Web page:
The Path to Farming

All the jars stood in a long row on the kitchen counter, the red of the tomatoes all bright and the glass all shiny wet after a hot bath. My thought went to pioneers desperate to push through a looming winter or the grand storehouses of lost empires. It felt right and natural for this 8-year old me to have fantasies of a little cabin in the Beltrami forest where our family hunted, a refuge where I’d chop wood and garden and live an an idyllic life by myself, one with nature.

As I was trying to recall what brought me to today and this is one of my earliest memories of being attracted to farming. I’ve met few people who decided their life’s direction at age 10 and I’m certainly not one of them. I never grew up farming and agriculture wasn’t on my high school strength inventory (where you take a test which ID’s jobs which would fit your interests).

My only farm-related experience as a kid was gardening in an abondoned lot which sat between some potato warehouses in East Grand Forks. My Uncle Doc was warehouse manager for Ryan Potato, who lived in a trailer on-site and our family shared a gardenspace with his family and my Grandpa Adolph. A lanky man who worked three jobs his whole life, my grandpa meticulously set coffee cans around tomatoes and watered religiously. This plot would never be found in Better Homes and Gardens, yet it brought together family, supplied us food, and gave us kids a reason to explore huge tracts of weeds near the rail line. Reflecting back on it, this minor chapter in my childhood made some mark on my life.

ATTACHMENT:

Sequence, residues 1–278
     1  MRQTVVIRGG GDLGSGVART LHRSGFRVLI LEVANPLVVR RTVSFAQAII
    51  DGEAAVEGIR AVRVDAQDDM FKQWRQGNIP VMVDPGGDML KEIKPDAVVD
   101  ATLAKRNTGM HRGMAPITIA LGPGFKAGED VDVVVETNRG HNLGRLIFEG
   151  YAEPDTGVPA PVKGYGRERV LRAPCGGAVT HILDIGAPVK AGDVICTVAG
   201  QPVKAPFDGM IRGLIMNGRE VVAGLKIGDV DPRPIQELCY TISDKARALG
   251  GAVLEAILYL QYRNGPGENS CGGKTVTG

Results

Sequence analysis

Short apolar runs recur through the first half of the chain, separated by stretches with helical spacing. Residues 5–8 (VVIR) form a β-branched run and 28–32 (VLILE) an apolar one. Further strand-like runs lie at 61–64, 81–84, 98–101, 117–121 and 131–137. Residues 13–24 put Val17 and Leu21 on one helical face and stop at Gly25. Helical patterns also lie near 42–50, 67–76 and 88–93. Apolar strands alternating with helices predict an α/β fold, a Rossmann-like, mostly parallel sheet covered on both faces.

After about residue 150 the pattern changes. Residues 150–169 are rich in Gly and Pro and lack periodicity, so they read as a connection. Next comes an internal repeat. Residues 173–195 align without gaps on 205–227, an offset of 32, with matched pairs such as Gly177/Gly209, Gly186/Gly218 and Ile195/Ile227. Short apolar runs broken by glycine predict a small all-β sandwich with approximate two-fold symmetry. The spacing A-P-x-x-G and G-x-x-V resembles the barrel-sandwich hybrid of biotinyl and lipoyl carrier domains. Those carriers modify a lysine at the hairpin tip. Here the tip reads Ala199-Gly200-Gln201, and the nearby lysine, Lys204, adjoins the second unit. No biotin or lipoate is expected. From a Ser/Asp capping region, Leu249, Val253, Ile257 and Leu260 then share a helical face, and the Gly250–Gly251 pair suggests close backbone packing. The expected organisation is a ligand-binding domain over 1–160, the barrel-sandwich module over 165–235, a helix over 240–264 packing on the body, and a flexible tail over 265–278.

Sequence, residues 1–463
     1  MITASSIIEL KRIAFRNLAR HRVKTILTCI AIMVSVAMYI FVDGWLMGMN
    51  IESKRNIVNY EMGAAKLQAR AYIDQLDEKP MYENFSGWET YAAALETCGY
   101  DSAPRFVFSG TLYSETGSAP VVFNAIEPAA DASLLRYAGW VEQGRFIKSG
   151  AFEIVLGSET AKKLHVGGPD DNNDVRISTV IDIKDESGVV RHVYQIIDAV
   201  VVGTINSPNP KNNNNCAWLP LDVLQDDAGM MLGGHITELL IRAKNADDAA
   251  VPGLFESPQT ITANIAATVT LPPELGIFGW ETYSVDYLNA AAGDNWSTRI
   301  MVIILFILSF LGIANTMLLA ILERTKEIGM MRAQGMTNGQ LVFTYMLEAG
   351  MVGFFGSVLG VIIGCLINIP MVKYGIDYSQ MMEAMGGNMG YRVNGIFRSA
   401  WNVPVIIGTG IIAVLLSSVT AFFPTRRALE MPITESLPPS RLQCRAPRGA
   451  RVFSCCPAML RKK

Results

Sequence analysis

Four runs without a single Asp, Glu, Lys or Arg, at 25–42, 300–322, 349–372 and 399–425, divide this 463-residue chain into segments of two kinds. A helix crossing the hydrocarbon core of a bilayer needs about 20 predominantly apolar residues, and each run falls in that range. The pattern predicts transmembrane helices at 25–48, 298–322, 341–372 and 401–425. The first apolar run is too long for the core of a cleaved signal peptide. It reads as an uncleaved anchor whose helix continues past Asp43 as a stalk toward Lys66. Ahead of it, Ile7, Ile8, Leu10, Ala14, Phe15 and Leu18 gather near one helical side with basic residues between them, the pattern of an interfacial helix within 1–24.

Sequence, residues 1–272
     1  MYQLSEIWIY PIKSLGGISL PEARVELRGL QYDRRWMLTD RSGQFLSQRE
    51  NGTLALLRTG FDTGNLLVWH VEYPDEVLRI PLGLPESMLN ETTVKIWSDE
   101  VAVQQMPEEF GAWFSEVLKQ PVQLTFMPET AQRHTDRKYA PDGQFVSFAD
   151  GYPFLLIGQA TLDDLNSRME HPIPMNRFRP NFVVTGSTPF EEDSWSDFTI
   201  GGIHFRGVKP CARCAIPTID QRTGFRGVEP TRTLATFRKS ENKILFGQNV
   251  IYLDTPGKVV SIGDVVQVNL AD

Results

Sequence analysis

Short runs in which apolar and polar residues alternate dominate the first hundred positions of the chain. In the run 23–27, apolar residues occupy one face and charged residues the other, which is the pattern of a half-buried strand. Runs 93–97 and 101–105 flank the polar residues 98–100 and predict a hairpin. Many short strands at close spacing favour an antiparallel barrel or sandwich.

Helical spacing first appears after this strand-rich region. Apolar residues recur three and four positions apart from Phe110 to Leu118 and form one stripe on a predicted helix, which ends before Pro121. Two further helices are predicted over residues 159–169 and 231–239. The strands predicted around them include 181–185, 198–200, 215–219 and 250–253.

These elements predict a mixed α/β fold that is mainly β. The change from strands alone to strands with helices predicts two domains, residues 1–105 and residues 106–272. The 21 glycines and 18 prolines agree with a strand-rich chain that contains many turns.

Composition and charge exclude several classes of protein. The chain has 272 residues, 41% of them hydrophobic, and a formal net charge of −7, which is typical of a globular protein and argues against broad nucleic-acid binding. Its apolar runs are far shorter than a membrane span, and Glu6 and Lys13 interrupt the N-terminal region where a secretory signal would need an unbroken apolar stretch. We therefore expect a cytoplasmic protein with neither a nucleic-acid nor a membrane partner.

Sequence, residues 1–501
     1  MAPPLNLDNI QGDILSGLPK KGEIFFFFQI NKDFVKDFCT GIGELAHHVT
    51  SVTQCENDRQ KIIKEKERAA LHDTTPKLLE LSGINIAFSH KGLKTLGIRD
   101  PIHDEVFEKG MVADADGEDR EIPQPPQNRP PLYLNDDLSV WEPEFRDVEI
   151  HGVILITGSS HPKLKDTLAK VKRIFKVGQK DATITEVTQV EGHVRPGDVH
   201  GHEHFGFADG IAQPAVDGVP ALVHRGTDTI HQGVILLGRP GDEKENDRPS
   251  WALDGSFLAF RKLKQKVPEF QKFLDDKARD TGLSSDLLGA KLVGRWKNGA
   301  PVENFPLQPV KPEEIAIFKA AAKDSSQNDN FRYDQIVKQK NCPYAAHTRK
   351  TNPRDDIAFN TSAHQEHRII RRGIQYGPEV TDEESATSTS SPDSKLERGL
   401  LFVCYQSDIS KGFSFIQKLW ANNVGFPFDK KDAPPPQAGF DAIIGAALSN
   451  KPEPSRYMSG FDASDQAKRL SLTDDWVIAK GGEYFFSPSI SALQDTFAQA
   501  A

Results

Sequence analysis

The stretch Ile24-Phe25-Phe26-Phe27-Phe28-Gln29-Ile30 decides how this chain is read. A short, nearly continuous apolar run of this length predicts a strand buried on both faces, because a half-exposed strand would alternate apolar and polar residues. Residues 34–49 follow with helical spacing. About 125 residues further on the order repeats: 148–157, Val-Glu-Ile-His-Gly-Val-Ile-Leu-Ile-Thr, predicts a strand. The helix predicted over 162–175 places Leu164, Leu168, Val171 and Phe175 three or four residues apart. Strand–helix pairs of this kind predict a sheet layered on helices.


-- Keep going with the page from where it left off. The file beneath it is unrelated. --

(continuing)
Fast forward to college, the 20-something me re-found his food connection when I stumbled into my local food co-op in St. Peter, MN. A storefront the size of my kitchen, this was the coolest place ever with a countercultural vibe, intermingling a bunch of local La Leche moms and left-wing college kids like myself. I never grew dreadlocks or picketed offices in my radical youth, but I fell in love with the co-op movement as it fit my Midwestern upbringing. It was both radical in spirit and practical in execution. This love affair led me to my two-year farm apprenticeship and four years working for Mississippi Market Co-op in St. Paul upon graduating, rich experiences which truly did make me the organic farm operator I am today.

In the box:

  • Green Peppers
  • Tomato Mix: Man, are these tomatoes slow this year! I had to hunt and peck like crazy to get this little mix of types. 
  • Sweet Corn 
  • Celery
  • Red Onion 
  • Sweet Onion
  • Cuke 
  • Summer Squash 
  • Yellow Potatoes 

Leave a Reply

Fill in your details below or click an icon to log in: Logo

You are commenting using your account. Log Out / Change )

Twitter picture

You are commenting using your Twitter account. Log Out / Change )

Facebook photo

You are commenting using your Facebook account. Log Out / Change )

Google+ photo

You are commenting using your Google+ account. Log Out / Change )

Connecting to %s